Abu Dhabi's $10 billion move to help neighboring Dubai avoid default and a deal by Citigroup Inc to pay back U.S. government funds helped U.S. stocks rise in early Monday trading.

Merger activity also lent support to the market with Exxon Mobil Corp saying it would buy natural gas supplier XTO Energy Inc in an all-stock transaction valued at about $31 billion, excluding debt.

Abu Dhabi's aid to Dubai included $4.1 billion for a bond maturing on Monday.

Dubai's get out-of-jail-free card being honored by Abu Dhabi is what's driving things this morning, said Peter Boockvar, equity strategist at Miller Tabak & Co in New York.

Citigroup laid out a plan to repay the money it owes the U.S. government, including raising money by issuing $17 billion of stock immediately, as the bank looks to end the executive pay restrictions that came with the funds.

Citi shares fell 5.6 percent to $3.73.

Citi's stock is trading down because of dilution, but (the deal) is good in terms of getting the government out from underneath them and having the banks prove they don't need government in the system, Boockvar said.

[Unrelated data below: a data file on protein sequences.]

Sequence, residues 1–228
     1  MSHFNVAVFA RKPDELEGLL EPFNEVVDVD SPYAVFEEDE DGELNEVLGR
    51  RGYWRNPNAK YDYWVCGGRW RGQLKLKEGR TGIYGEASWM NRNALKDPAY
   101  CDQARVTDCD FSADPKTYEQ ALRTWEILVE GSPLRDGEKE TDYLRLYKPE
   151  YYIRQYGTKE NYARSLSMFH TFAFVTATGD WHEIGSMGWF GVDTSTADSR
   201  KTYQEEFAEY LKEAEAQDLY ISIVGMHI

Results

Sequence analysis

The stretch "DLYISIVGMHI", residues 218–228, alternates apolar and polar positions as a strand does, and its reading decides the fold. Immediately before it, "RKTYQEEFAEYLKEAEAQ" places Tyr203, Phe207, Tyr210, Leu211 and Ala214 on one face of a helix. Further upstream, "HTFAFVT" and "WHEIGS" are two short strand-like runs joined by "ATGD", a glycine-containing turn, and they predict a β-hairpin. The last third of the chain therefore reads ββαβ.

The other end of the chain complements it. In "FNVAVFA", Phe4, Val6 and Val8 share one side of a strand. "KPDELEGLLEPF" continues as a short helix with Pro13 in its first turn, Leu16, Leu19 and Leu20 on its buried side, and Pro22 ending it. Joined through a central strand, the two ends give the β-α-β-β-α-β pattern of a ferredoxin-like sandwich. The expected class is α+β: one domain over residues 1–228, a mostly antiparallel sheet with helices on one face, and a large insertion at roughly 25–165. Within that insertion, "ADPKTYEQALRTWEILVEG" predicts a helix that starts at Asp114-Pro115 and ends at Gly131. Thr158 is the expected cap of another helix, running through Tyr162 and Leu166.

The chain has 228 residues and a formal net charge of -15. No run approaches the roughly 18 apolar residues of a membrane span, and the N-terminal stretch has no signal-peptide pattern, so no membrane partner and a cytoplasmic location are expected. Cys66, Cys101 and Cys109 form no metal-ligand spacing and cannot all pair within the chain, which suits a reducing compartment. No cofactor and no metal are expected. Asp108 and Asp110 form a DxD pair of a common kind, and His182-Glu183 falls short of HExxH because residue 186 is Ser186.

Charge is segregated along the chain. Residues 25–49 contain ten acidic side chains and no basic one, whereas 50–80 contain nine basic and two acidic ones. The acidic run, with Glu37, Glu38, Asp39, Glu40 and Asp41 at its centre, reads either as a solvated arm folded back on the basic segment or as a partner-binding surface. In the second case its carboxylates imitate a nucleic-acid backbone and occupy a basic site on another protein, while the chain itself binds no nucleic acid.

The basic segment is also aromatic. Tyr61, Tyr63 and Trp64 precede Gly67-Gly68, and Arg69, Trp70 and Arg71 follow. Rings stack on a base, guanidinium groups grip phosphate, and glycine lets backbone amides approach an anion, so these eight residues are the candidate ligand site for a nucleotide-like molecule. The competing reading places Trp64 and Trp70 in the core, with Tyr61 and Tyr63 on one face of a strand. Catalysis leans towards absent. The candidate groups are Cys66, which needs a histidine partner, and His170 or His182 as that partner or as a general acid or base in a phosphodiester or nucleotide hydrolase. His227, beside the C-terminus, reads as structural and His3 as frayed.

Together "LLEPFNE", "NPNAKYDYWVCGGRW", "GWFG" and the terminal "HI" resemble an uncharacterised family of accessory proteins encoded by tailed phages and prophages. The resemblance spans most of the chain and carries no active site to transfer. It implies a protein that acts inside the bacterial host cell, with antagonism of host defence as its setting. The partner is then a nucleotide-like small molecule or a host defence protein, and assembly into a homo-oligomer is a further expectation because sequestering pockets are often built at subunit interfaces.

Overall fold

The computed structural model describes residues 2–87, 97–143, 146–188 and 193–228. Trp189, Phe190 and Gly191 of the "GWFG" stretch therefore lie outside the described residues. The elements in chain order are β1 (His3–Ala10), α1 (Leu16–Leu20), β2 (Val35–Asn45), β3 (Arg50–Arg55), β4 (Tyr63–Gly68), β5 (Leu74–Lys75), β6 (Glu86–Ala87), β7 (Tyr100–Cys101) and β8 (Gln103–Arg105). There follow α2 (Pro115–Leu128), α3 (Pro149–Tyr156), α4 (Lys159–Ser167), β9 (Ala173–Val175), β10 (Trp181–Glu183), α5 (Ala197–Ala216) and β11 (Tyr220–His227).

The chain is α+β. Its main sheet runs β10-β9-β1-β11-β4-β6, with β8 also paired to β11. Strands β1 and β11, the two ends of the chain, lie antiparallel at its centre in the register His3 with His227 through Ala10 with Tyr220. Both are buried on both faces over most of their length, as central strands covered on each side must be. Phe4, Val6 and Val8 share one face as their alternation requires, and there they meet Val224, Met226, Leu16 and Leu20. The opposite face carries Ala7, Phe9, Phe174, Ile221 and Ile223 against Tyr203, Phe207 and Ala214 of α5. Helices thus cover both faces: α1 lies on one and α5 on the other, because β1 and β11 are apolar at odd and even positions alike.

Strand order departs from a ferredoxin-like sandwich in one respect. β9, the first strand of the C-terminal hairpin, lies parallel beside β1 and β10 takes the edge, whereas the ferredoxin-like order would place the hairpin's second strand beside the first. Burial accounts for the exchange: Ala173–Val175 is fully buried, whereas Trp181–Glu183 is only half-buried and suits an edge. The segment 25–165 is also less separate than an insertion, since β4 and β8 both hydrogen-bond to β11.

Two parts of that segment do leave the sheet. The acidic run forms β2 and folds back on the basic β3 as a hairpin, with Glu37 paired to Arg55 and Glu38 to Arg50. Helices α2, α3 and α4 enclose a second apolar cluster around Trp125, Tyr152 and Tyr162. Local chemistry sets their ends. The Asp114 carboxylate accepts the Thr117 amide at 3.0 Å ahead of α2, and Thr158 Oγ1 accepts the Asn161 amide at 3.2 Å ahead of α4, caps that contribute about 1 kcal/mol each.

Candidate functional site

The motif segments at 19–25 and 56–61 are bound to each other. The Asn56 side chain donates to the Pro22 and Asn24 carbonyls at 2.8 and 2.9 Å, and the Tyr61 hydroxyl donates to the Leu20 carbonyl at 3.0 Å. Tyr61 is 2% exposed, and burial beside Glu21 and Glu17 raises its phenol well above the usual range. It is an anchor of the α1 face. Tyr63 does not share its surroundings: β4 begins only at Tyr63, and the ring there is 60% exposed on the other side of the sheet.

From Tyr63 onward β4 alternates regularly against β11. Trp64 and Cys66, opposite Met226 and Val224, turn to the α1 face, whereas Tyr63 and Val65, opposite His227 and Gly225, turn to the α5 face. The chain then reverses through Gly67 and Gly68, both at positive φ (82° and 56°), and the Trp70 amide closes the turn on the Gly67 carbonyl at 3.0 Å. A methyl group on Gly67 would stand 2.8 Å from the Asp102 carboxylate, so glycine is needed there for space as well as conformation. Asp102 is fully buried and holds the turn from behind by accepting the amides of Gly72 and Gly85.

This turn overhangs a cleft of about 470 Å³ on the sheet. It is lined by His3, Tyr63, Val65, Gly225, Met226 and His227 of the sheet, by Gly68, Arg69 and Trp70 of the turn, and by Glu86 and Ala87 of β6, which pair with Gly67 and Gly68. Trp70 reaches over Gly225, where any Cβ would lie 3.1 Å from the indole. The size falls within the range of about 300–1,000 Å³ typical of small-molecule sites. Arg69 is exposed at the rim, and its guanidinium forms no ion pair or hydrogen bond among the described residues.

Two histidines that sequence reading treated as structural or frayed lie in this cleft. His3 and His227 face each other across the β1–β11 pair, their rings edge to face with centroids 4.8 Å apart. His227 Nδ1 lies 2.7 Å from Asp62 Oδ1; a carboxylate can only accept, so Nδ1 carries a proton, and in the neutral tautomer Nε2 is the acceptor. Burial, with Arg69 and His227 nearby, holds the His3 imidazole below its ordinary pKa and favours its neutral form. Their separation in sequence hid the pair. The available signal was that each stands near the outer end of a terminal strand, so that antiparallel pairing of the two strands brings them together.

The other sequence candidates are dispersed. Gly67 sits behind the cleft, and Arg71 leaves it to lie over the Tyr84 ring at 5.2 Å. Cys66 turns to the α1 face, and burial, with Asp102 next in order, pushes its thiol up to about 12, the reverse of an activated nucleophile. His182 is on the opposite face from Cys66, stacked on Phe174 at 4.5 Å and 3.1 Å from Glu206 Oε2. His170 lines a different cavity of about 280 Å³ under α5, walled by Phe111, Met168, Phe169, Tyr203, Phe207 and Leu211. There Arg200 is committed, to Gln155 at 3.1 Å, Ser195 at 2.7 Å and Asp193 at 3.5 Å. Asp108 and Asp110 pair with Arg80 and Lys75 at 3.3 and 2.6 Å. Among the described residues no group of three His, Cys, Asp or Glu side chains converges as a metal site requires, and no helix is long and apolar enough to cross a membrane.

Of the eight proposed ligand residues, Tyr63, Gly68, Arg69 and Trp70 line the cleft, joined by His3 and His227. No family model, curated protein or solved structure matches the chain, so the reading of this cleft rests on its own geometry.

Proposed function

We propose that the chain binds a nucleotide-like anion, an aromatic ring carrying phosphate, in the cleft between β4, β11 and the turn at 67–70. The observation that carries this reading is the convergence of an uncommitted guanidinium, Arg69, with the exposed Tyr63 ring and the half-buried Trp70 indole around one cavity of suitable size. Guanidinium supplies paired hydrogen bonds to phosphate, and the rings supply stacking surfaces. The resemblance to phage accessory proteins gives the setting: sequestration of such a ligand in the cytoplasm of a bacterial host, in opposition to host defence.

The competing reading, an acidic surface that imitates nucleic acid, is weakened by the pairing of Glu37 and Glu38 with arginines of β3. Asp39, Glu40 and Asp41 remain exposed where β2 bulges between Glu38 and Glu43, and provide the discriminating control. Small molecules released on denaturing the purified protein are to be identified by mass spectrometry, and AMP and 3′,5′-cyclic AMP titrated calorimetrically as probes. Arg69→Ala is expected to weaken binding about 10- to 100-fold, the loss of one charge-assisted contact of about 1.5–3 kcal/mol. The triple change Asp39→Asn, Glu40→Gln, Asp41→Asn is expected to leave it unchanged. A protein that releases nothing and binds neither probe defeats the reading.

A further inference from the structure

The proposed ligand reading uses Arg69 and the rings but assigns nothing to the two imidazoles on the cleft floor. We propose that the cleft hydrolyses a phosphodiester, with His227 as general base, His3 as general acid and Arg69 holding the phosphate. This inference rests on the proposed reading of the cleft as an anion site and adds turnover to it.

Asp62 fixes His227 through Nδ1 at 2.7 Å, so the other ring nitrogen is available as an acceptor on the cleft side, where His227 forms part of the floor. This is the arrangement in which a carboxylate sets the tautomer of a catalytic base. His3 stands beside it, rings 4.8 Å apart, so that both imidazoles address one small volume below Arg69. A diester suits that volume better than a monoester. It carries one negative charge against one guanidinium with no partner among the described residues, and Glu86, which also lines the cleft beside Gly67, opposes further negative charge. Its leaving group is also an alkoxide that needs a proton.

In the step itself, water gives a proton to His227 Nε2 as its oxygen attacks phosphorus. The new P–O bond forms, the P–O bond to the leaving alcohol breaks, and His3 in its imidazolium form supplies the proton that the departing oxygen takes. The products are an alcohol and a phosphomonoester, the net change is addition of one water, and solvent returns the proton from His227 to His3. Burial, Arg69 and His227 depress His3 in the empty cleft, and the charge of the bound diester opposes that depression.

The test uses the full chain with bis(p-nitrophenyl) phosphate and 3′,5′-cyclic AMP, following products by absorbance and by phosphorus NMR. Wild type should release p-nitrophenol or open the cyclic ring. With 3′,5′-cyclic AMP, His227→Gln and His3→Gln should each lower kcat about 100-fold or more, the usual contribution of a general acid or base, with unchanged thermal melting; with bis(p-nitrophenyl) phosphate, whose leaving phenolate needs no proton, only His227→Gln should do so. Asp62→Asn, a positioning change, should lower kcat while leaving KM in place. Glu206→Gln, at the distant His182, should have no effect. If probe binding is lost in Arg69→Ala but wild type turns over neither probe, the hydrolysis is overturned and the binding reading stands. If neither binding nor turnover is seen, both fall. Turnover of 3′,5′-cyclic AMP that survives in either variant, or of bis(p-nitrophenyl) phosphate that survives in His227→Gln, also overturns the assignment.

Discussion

The Dow Jones industrial average <.DJI> edged up 15.80 points, or 0.15 percent, to 10,487.30. The Standard & Poor's 500 Index <.SPX> rose 3.59 points, or 0.32 percent, to 1,110.00. The Nasdaq Composite Index <.IXIC> gained 6.71 points, or 0.31 percent, to 2,197.02.

Shares of XTO soared 15.8 percent to $48.03 and Exxon Mobil fell 3.8 percent to $70.07. The First Trust ISE-Revere Natural Gas Index Fund , a natural-gas companies exchange-traded fund, rose 4.5 percent. XTO has underperformed that ETF by roughly 14 percent this year.

The White House said U.S. President Barack Obama will make a statement on the economy after a meeting with the heads of the top U.S. banks scheduled to start at 11:10 a.m. (1610 GMT).

(Editing by Padraic Cassidy)